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How to build cyber resilience

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What is cyber resilience and is your organization ready with a cyber resilience plan? Adopting a cyber resilience strategy can help ensure business continuity, writes CTO of Mimecast, NEIL MURRAY.

What does cyber resilience mean to you? The answer will surely vary across industries. And, to some, the term might not mean anything at all. In fact, according to new research from Vanson Bourne, not enough organizations are making cyber resilience planning a priority. Only 30 percent have already adopted a cyber resilience strategy, with about one-third still in the early stages of development or planning. Too many organizations are leaving themselves unprepared for the unknown, and it doesn’t have to be this way.

Organizations of all sizes need a cyber resilience strategy; no exceptions. Yes, security is critical, but not the only piece of the cyber resilience equation. Multi-purpose data archiving, business continuity and the ability to empower the end-user should also have equal consideration. This holistic approach to IT management is what we call cyber resilience, and this is core to our business and how we interact with our customers.

Cyber resilience resonates throughout everything we do at Mimecast – it’s engrained in our internal and external philosophy. But, we wanted to find out how other industry thought leaders are thinking about cyber resilience, and how they are applying it to their own business models. So, we took the great opportunity to tap into the powerful mindshare at RSA Conference 2017 by hosting the first-ever ‘Cyber Resilience Think Tank’ at the San Francisco NASDAQ Center.  Insights from the event were captured in a Cyber Resilience Report released today from Cybersecurity Ventures.

I had the pleasure of leading this think tank discussion, which was made up of almost two-dozen leaders in the cybersecurity industry, and moderated by Ari Schwartz, Venable CEO and former member of the White House National Security Council. The impressive caliber of Think Tank participants – which ranged from Malcolm Harkins, chief security and trust officer of Cylance Inc., to Helen Rabe, head of information security for UK-based Costa Coffee – validates that cyber resilience is a hot-button issue that organizations of all sizes and across all industries should care about – and plan for.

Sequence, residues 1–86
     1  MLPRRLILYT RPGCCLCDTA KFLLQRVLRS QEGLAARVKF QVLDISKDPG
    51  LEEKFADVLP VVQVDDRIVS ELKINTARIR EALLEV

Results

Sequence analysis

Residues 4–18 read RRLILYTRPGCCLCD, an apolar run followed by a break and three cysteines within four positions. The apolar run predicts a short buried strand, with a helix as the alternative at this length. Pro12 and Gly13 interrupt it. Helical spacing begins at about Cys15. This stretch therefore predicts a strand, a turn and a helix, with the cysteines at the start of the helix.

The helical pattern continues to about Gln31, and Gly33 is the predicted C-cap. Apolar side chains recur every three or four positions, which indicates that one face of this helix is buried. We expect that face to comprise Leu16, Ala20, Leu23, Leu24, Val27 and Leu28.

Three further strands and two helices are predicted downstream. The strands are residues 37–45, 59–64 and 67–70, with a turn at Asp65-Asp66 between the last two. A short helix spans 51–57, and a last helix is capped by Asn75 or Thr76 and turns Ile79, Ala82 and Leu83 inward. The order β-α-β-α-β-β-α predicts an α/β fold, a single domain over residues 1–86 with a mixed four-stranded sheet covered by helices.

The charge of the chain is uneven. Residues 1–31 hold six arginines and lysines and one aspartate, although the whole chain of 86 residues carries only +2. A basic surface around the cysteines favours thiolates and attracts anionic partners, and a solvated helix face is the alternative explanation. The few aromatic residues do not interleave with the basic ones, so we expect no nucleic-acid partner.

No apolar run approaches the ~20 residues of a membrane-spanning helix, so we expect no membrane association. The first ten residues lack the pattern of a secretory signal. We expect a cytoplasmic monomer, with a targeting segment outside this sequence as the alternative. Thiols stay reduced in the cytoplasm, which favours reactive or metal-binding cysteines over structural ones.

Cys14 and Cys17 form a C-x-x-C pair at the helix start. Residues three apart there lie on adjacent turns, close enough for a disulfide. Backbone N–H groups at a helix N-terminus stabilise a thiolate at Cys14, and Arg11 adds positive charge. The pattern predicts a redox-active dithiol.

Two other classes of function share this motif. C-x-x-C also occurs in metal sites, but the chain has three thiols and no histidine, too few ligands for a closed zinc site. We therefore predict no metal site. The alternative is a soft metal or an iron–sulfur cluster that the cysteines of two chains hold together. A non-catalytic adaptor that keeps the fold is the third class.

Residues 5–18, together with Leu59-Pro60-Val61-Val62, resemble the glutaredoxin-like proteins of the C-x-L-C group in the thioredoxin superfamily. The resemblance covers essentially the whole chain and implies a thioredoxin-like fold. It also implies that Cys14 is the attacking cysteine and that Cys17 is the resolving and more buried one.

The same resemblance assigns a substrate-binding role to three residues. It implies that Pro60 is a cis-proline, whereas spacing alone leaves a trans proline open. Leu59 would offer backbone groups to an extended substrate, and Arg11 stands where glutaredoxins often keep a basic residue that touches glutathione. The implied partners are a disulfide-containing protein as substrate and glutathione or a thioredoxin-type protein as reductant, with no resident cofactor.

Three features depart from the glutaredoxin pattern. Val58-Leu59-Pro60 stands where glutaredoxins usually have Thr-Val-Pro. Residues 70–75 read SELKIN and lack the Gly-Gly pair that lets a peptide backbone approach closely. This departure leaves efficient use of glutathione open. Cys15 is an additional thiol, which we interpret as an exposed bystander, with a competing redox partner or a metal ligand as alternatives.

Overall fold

The Think Tank attendees validated our approach to cyber resilience planning. It starts with the understanding that security alone simply isn’t enough. And it ends with a comprehensive plan to manage IT, and hopefully, a philosophy that helps drive your business and customer relationships.

Now, more than ever, organizations need a broad approach to cyber resilience planning and they can’t expect do it alone.  Industry leaders need to continue to push cyber resilience and provide actionable insights and prescriptive advice to drive towards a more cyber resilient future.

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Earth 2050: memory chips for kids, telepathy for adults

An astonishing set of predictions for the next 30 years includes a major challenge to the privacy of our thoughts.

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Buy 2050, most kids may be fitted with the latest memory boosting implants, and adults will have replaced mobile devices with direct connectivity through brain implants, powered by thought.

These are some of the more dramatic forecasts in Earth 2050, an award-winning, interactive multimedia project that accumulates predictions about social and technological developments for the upcoming 30 years. The aim is to identify global challenges for humanity and possible ways of solving these challenges. The website was launched in 2017 to mark Kaspersky Lab’s 20th birthday. It comprises a rich variety of predictions and future scenarios, covering a wide range of topics.

Recently a number of new contributions have been added to the site. Among them Lord Martin Rees, the UK’s Astronomer Royal, Professor at Cambridge University and former President of the Royal Society; investor and entrepreneur Steven Hoffman, Peter Tatchell, human rights campaigner, along withDmitry Galov, security researcher and Alexey Malanov, malware analyst at Kaspersky Lab.

The new visions for 2050 consider, among other things: